When I first got engaged, I was confident of two things: it was going to be a small wedding (for a Jewish wedding, that is) and I was not going to be a bridezilla.
I’d heard too many tales of brides who’d spent more time contemplating napkin rings than their choice of groom and, as I kept telling myself every time I plummeted down a rabbit hole of floral arrangements and seating charts, the wedding wasn’t the important part — the marriage was.
We agreed to a religious ceremony followed by a lunch reception at a nice hotel in Herzliya in order to keep our families happy, but eschewed some of the more traditional wedding customs, such as dancing, best-man speeches, and bridesmaids.
Admittedly, there was one thing even I couldn’t help conceding to: the wedding-industrial complex, which was The Dress. I picked out a voluminous ivory concoction along with what the bridal store assistant described as a “cathedral-length” veil that was, perhaps, not the ideal ensemble for a beach-adjacent ceremony performed by an Orthodox rabbi at the dawn of an Israeli summer.
Still, having refused to subscribe to the notion that my nuptials should be the Happiest Day of My Life (what about all the days to follow?), I wasn’t too concerned when little things started going wrong as the wedding drew closer.
Seventy-two hours before the ceremony, the fake tan I’d applied, to alleviate my ghostly Ashkenazi complexion, began to crack, leaving uneven white patches across my body, which meant my fiancé and I spent a less than romantic evening frantically scrubbing my torso with lemon and baking soda. The following day, the EasyJet plane carrying my brother and other guests from London was turned around mid-way through the flight and delayed for 24 hours with no guarantees it would arrive in Israel in time for the wedding. On the day itself, the wrong date was printed on the menus, our parents’ names were misspelled on the seating chart, there weren’t enough chairs for guests to sit on during the ceremony and the florist lost my bouquet. But, as each new problem arose, I took a deep breath and reminded myself that none of it mattered as long as we ended up married.
About ten minutes before the ceremony was due to start, as guests were assembling outside, I was waiting in my suite for my father to come and get me when someone started pounding frantically on the door. I gathered up my numerous skirts and shuffled over to open it.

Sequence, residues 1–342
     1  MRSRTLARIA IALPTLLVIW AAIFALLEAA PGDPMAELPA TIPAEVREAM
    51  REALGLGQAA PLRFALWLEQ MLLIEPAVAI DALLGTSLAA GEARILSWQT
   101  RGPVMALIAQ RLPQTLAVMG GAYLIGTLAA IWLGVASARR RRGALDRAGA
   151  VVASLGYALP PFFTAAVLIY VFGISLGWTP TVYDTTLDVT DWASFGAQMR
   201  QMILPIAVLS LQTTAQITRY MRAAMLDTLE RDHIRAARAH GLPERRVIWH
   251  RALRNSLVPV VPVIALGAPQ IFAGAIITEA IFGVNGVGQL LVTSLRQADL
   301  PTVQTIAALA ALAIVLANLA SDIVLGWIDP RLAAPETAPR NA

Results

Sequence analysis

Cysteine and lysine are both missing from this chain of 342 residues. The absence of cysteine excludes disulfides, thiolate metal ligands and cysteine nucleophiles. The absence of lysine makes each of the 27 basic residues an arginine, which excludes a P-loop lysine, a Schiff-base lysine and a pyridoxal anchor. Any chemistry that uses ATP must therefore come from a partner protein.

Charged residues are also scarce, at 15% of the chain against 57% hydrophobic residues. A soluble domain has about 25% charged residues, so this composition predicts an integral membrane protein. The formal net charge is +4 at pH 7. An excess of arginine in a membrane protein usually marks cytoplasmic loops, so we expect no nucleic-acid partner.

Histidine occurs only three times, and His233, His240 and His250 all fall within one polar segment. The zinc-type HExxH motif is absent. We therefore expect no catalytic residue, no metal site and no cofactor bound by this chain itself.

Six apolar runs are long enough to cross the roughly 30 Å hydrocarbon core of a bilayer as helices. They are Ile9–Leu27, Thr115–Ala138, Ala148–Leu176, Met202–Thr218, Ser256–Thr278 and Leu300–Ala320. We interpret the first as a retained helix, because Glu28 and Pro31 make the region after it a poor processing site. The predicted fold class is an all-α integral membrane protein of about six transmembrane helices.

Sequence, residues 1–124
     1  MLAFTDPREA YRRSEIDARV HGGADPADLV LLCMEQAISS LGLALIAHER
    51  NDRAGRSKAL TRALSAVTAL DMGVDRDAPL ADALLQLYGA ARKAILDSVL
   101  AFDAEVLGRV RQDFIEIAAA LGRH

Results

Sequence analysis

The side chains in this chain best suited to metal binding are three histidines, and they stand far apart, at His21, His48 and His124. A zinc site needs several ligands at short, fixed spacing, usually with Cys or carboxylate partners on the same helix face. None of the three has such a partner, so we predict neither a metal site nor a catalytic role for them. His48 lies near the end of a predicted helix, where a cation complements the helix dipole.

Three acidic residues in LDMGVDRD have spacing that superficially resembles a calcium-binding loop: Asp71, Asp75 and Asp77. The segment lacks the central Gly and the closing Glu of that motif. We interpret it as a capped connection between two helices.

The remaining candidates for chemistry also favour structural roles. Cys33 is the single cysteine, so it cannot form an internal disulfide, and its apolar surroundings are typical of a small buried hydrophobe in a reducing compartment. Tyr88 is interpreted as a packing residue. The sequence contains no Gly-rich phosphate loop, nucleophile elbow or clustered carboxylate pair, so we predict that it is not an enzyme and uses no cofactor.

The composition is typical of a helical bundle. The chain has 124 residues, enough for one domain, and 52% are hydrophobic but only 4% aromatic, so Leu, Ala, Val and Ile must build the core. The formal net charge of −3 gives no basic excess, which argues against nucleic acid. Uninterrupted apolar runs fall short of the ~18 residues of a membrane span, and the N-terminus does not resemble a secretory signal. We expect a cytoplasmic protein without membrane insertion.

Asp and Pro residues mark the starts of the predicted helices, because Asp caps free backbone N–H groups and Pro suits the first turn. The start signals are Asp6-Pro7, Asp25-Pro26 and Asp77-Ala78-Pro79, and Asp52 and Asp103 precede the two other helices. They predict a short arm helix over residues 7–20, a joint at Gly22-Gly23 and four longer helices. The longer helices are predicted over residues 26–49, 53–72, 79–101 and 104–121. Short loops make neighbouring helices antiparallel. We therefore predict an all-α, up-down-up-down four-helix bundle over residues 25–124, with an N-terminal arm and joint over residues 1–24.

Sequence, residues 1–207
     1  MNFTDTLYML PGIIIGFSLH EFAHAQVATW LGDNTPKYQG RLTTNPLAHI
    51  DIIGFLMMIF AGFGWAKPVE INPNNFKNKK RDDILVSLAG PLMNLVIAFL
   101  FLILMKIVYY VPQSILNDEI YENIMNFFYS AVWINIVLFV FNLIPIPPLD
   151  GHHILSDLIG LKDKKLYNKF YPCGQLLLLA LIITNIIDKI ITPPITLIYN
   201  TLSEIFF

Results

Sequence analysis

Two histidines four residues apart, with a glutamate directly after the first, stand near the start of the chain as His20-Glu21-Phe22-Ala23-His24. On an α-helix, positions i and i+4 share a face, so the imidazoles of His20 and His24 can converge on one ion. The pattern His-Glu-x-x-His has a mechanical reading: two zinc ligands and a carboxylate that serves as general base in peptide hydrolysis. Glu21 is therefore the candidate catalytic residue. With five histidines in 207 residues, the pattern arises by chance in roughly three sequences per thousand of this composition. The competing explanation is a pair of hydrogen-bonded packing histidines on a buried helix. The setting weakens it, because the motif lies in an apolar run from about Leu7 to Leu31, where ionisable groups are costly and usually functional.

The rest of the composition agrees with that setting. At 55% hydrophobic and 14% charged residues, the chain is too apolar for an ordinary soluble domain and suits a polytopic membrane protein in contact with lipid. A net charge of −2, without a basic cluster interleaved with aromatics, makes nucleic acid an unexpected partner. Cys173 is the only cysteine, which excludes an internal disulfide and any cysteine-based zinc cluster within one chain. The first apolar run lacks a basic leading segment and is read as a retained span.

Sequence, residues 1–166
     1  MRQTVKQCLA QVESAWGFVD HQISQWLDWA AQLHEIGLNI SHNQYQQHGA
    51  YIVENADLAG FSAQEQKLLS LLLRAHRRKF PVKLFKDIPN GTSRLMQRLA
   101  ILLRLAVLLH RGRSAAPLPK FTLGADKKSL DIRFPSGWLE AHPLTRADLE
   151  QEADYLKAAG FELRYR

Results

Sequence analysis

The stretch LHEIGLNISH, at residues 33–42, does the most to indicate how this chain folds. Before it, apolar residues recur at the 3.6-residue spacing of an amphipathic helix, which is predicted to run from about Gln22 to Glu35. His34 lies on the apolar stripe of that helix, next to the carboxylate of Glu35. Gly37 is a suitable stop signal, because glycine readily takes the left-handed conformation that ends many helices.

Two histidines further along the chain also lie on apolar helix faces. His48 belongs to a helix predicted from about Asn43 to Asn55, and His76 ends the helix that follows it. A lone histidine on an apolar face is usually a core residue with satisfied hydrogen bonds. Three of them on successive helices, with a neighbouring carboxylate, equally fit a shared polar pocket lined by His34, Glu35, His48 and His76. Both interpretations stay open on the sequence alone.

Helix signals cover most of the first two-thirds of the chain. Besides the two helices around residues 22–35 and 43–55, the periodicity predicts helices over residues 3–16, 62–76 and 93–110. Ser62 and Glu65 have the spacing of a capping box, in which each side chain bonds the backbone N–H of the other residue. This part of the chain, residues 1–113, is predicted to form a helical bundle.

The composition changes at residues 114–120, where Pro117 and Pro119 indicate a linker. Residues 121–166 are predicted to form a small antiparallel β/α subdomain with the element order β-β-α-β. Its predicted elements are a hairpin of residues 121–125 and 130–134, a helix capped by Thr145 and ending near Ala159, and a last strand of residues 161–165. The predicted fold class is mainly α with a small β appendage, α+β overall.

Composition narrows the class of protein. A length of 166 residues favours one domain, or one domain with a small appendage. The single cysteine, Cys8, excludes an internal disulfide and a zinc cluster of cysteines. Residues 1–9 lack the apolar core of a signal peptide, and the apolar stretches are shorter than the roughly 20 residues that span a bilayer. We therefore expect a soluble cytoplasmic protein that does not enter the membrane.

There stood a member of hotel staff holding a walkie-talkie.“You have to evacuate your room,” he insisted breathlessly.
“We just got a call that there’s a poisonous gas coming through the water pipes in this part of the resort. It won’t affect the wedding but you need to get out of here immediately.”
I barely had time to grab my shoes and veil. In the commotion, no one bothered to tell my dad that I’d been relocated to a different suite, which meant the ceremony was delayed while he tried to find me. By the time I finally made it to the chupah where my fiancé and our parents now stood, it didn’t occur to me that anything else could go wrong.
As the rabbi started the service, I zoned out, suddenly feeling the weight of my 6am wake-up call and the intense midday heat. I absent-mindedly wondered what would happen if I were to keel over in the middle of the ceremony. Even the sea breeze provided little respite as it rippled through the chupah, which rhythmically moved backwards and forwards with each gentle gust. Although propped up by a mille feuille of organza and tulle, I was swaying slightly, too, and could feel beads of sweat running down my arms.
As the canopy shifted, I strained to feel the air current in the hope that it would cool me down. Out of the corner of my eye, though, I noticed something. The chupah had swayed forward again, but, this time, instead of reclining back into place, it continued to descend. As if in slow motion, the 13-foot structure, laden with silk and flowers, lost its battle against gravity and collapsed onto the congregation in front of us.
Chairs were knocked to the floor, vases toppled, and flowers strewn across the lawn. As members of hotel staff ran to lift the chupah off our guests I was convinced the ceremony would have to be called off. Only my fiancé’s hand tightly squeezing mine prevented me from running back to my room in floods of tears.
Miraculously, however, there were no serious injuries. After ensuring everyone was still alive, the chupah was re-erected and the rabbi raced through the rest of the service.
I was married. But the wedding had been a disaster and the sense of disappointment was acute. During the reception, I thanked guests for coming and apologised for nearly killing them.
“It’s a sign of good luck!” an uncle said kindly, patting me on the shoulder. I couldn’t agree but appreciated the Jewish art of trying to find an upside to almost any tragedy.
“It’s like that episode of Sex and the City when Charlotte gets married,” more than one friend whispered while giving me a hug.
“Ach, nobody died,” shrugged my grandmother, a 93-year-old Holocaust survivor.
Two years on, we’ve just about recovered from the comedy of errors. We’ve even come to enjoy shocking people with the tale of our disastrous nuptials. And marriage has turned out to be wonderful, which is the most important thing.
Well, that and not killing any of your guests.